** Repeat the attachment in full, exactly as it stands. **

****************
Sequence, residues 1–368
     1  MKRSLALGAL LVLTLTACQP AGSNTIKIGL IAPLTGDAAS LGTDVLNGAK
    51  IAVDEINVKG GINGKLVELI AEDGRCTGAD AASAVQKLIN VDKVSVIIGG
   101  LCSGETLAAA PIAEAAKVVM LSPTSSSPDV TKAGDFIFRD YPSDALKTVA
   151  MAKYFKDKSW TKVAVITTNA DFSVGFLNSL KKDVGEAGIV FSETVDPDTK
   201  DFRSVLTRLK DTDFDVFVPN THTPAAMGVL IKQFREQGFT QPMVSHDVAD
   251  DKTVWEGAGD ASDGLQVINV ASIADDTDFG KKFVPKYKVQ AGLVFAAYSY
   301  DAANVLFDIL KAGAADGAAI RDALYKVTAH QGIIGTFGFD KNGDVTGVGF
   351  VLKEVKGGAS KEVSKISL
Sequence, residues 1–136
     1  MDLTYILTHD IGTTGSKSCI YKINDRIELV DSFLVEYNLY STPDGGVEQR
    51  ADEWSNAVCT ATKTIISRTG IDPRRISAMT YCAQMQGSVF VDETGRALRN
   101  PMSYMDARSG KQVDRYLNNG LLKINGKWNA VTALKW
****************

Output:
Sequence, residues 1–368
     1  MKRSLALGAL LVLTLTACQP AGSNTIKIGL IAPLTGDAAS LGTDVLNGAK
    51  IAVDEINVKG GINGKLVELI AEDGRCTGAD AASAVQKLIN VDKVSVIIGG
   101  LCSGETLAAA PIAEAAKVVM LSPTSSSPDV TKAGDFIFRD YPSDALKTVA
   151  MAKYFKDKSW TKVAVITTNA DFSVGFLNSL KKDVGEAGIV FSETVDPDTK
   201  DFRSVLTRLK DTDFDVFVPN THTPAAMGVL IKQFREQGFT QPMVSHDVAD
   251  DKTVWEGAGD ASDGLQVINV ASIADDTDFG KKFVPKYKVQ AGLVFAAYSY
   301  DAANVLFDIL KAGAADGAAI RDALYKVTAH QGIIGTFGFD KNGDVTGVGF
   351  VLKEVKGGAS KEVSKISL
Sequence, residues 1–136
     1  MDLTYILTHD IGTTGSKSCI YKINDRIELV DSFLVEYNLY STPDGGVEQR
    51  ADEWSNAVCT ATKTIISRTG IDPRRISAMT YCAQMQGSVF VDETGRALRN
   101  PMSYMDARSG KQVDRYLNNG LLKINGKWNA VTALKW